I have seen several articles, but one recently from The Asset magazine, that attempt to contrast the protests across the Middle East and North Africa with the resurgence of the sukuk market. I think this misses one very significant point about the sukuk market that makes the analysis somewhat flawed: there is not a "sukuk market", but instead there are many "sukuk markets".

The geographical spread of sukuk is not terribly great but it is growing by the day. However, the most imporant thing to remember is that despite the convergence to some degree in Shari'ah standards between the Gulf Cooperation Council (GCC) and Malaysia, the two markets are driven by different factors and are at very different stages of development.

Returning to the article, it begins by stating that "So far, the market is riding out the political storm in the Middle East and parts of North Africa. This is likely because, with the exception of Bahrain, the crisis is playing out in countries with virtually no Islamic finance activities - Syria, Yemen, Egypt and Libya". I would say that this statement on its own is misleading because of Bahrain as a hub for Islamic finance, particularly for the international financial institutions involved in the industry. Bahrain is also home to the standards setting bodies like AAOIFI and IIFM. So, noting Bahrain as an exception misses the significant impact of disruptions in that country would have to GCC sukuk markets. Finance, both conventional and Islamic, accounts for more than a quarter of Bahrain's GDP.

Then there is the hangover effects of the financial crisis which are being resolved, but which still account for a drag on the Islamic finance industry in the region. Dubai's debt crisis is well known, but other countries had problems like Kuwait and Bahrain, whose Islamic investment banks suffered greatly due to the crisis even before any hints of protests arose.

The reason the sukuk market has continued to do well is because of the resurgence mostly of Malaysian sukuk markets. Malaysia was initially hit harder by the financial crisis, but also recovered more quickly than the GCC. The Zawya quarterly sukuk bulletin is a good source of data on sukuk, and using data from 2010 and 2011, the GCC sukuk markets were not hurt by the protests in the first half of 2011, but neither did they lead the recovery--in fact, they were weaker in 2010 (GCC sukuk accounted for 13% of the $52.5 billion in sukuk issued), while in 2011 the GCC accounted for 29% of the $43.3 billion issued year to date.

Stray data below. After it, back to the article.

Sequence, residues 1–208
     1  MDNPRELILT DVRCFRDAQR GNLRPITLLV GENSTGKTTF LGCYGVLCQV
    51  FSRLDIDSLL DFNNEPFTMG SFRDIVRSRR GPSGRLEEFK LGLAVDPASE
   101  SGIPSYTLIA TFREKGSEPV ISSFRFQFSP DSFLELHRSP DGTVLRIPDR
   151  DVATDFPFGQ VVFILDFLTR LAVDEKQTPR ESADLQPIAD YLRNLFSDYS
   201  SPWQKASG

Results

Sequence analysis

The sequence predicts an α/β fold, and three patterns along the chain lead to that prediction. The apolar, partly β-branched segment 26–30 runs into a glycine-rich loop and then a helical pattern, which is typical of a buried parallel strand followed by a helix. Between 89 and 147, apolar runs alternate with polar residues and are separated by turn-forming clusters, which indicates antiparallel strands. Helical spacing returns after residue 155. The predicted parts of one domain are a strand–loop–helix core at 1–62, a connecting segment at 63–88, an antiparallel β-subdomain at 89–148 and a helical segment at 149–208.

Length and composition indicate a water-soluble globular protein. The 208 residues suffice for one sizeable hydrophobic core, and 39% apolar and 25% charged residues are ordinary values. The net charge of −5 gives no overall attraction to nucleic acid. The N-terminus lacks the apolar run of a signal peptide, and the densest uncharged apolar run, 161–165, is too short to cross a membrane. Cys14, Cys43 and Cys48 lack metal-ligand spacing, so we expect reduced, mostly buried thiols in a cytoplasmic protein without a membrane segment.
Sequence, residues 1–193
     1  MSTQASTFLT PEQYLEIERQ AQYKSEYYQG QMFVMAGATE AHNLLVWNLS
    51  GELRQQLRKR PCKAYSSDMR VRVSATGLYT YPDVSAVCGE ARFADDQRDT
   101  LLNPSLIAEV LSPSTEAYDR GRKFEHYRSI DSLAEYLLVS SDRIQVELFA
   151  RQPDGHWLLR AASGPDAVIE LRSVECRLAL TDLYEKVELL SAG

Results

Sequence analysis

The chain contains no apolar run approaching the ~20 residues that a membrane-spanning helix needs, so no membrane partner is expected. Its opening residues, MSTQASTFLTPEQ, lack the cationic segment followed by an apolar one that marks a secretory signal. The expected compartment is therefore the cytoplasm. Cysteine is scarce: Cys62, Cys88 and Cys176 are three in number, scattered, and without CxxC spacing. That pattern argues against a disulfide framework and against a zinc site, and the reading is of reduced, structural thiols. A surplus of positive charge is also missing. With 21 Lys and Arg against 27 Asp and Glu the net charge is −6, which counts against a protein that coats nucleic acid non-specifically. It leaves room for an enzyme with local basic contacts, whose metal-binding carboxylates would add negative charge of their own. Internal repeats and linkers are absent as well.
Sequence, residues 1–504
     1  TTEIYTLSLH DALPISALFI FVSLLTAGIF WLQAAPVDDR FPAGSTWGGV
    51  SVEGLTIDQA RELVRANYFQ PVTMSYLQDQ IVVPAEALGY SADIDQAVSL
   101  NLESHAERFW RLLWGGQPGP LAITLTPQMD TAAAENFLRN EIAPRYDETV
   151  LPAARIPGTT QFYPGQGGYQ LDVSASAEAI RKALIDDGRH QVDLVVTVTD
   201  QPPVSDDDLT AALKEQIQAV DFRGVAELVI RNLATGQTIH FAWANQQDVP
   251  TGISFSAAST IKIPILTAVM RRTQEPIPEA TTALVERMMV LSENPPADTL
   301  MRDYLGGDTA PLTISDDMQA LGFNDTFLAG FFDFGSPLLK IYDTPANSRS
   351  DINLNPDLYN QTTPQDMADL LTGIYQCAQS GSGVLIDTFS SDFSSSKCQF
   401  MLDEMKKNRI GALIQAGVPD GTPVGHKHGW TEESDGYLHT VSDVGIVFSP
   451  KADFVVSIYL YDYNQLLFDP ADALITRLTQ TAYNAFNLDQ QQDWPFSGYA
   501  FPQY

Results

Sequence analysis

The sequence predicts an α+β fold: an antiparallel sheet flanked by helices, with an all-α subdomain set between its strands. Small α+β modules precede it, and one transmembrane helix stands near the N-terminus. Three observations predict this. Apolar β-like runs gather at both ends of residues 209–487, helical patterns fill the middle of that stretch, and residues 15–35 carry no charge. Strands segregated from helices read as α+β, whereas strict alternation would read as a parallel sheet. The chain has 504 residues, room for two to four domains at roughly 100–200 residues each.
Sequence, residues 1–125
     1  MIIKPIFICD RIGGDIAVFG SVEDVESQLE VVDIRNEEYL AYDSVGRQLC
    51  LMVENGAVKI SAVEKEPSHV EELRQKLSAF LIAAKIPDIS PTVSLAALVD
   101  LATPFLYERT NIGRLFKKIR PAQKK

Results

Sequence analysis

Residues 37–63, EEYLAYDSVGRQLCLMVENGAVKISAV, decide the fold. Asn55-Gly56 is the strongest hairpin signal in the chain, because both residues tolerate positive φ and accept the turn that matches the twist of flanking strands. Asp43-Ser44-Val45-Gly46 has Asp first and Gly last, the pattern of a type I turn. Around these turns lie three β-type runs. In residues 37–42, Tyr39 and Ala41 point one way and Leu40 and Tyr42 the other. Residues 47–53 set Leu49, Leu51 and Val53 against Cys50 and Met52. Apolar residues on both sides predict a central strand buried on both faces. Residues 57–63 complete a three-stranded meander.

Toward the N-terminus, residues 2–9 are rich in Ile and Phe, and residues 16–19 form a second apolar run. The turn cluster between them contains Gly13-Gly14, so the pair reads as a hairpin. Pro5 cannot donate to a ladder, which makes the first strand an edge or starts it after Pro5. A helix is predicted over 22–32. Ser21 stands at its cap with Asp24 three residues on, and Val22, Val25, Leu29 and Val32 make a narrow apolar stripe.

In December 2010, I wrote a piece on my blog titled "What is wrong with the GCC sukuk market?". In that post, I compared the depth of the Malaysian sukuk market (using sukuk issuance as a percentage of GDP) to the GCC market and found a significant difference. If GCC sovereigns and corporates issued sukuk representing as large a share of GDP as in Malaysia, the total issuance should have been $184 billion ($6.9 billion were issued in 2010). That is a big gap that should wipe away any methodological mistakes I made in the estimates.

The reason the sukuk market globally has been resilient in the face of unrest in the Middle East has something to do with the geographical breakdown of Islamic finance in the region, but much more to do with the sukuk market 3,400 miles to its east in Malaysia. The Malaysian market has grown stronger on the back of a rising Ringgit and government support for the industry. It has even attracted issuers from the GCC who are now choosing to issue sukuk in Malaysia instead of their home markets. As I concluded my blog post in December 2010--something which remains true today--"until the GCC markets are "fixed" (or an alternative market like the Luxembourg Stock Exchange becomes the go-to location for sukuk issuers), there will continue to be a large gap [between the GCC and Malaysia for sukuk issuance]".

Blake Goud is Principal of Sharing Risk and the Correspondent (Americas) for The Islamic Globe, a weekly newspaper covering the Islamic finance industry.